The Indian Medical Association, a voluntary welfare organisation of doctors across the country, is issuing an elaborate code of ethics for hospitals, nursing homes and other medical institutions providing healthcare in India to discourage all kinds of kickbacks, commissions and freebies.
The announcement of the code came four days after the Central government announced a ban on pharmaceutical companies offering freebies to doctors after January 1. The Medical Council of India already has a set of similar codes governing individual doctors, so the IMA is hoping to plug the gap by creating a set of guidelines for the third wheel in the profession: healthcare-providing institutions.
Healthcare experts are not particularly impressed, though. They point out that the IMA itself does not have a credible name and has shown little alacrity in dealing with unethical practices in its midst.
On December 27, IMA’s central council passed a declaration that specifically targets institutions like hospitals, nursing homes and other healthcare providers.
The declaration, of which Scroll.in has a copy, states that such institutions shall not “accept expensive gifts, cash benefits or gratification from the drug and equipment suppliers, diagnostic centres or similar agencies”. It further states that healthcare providers shall not indulge in any illegal or unethical practices, including “unjustified admissions, unjustified billing to the patient... giving cuts and commissions to anyone for soliciting patients”.
As the most prominent representative body for Indian doctors, the IMA has 2.5 lakh member doctors and about 5,000 hospitals as members of its Hospital Board of India. Although the new code of ethics will be applicable only to member hospitals, the IMA is writing to all hospital associations in India, asking them to display the declaration prominently on their premises.
Over the next three months, the IMA will formulate a complete, detailed code of ethics for healthcare providers, which will explain the action that the IMA will take against those violating the code.
“If any member hospital is found breaking the code, we can, at the most, revoke its membership and ask our doctors not to work there,” said Dr KK Aggarwal, secretary general of the IMA. “Of course, we cannot do anything about hospitals that are not members.”
According to Aggarwal, the code is meant to address the lack of specific guidelines for institutions like hospitals and nursing homes in a field where there are clear regulations against corruption for doctors and, now, the pharmaceutical industry.
“Any code of conduct is incomplete till the same rules are binding on all three sections,” said Aggarwal.
The main reason for IMA’s initiative seems to be image rebuilding, particularly after recent international attention on the rampant corruption in the Indian healthcare sector.
In June, an article in the British Medical Journal created a stir in India after it pointed out that kickbacks and bribes permeate every part of the country’s healthcare system, starting from the medical college. This corruption, according to the article, is ruining the doctor-patient relationship.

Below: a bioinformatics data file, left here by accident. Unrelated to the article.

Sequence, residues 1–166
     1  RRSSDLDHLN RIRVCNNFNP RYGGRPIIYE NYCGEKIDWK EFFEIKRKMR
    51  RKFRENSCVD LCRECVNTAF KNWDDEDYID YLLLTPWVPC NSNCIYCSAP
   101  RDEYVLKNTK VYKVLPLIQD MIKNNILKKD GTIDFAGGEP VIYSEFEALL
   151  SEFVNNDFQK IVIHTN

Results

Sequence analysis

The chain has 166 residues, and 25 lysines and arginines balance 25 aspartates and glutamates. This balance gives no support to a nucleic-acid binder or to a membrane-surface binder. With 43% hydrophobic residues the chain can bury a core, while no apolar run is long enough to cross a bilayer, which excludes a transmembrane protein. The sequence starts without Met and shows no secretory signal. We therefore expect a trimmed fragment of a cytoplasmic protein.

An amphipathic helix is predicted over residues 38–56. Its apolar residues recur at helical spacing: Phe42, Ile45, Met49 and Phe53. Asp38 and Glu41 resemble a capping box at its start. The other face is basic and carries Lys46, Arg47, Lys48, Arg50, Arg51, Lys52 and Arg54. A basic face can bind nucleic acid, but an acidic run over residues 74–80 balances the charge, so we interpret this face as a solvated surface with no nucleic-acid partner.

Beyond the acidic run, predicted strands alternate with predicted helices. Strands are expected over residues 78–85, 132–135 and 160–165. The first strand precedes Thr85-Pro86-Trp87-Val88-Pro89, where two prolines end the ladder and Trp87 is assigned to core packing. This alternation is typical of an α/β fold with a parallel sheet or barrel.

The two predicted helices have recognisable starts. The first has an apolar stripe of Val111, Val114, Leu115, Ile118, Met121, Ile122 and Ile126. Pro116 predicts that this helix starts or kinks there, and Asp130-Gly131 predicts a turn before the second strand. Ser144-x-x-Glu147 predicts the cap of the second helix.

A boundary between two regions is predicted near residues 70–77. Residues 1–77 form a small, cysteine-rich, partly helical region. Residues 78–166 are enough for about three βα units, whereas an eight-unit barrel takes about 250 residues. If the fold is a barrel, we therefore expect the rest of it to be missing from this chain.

“These codes of ethics for pharmaceutical companies and hospitals have come to the forefront now only because of the British Medical Journal article and the international media attention,” said Dr Sanjay Nagral, a Mumbai-based surgeon on the editorial board of the Indian Journal of Medical Ethics.
The IMA admits this itself.
“We don’t know how prevalent corruption is in the field, but media and public perception has definitely been against us,” said Aggarwal. “We wanted to make our ethics clear.”
Look who’s talking?
For healthcare experts, a code of ethics for hospitals and nursing homes is definitely a welcome step, but one that comes with several limitations and riders.
“For one, the code will only be applicable to the limited hospitals that are members of the IMA,” said Anant Phadke, the co-convener of the Maharashtra chapter of the Jan Swasthya Abhiyan. “We don’t even know what machinery they have in place to monitor and enforce the code.”
Both Phadke and Nagral believe that the track records of the IMA and the Medical Council of India do not inspire confidence in their ability to curb corruption.
“The IMA should have been checking the behaviour of its own members all this while,” said Nagral. “It has a history of not investigating or punishing its office-bearers for unethical practices.”
The most prominent case is that of Dr Ketan Desai, a former president of both the IMA and the MCI who was briefly arrested on corruption charges in 2010. Even though the Central Bureau of Investigation closed most of the cases against him, some are still pending and Desai has been stripped of his licence. Nevertheless, he has been made the president of the World Medical Association for 2016.
“The IMA needs to first ask itself: how come its national conference was inaugurated by Desai, who has been in Tihar jail for some time.” said Nagral.
In an age of large, branded private hospitals and poor public healthcare, Nagral points out that the IMA will have to work on its own reputation before it can enforce guidelines on others. “It’s great that the association has woken up to the fact of corruption, but it will have to demonstrate that it means business,” he said.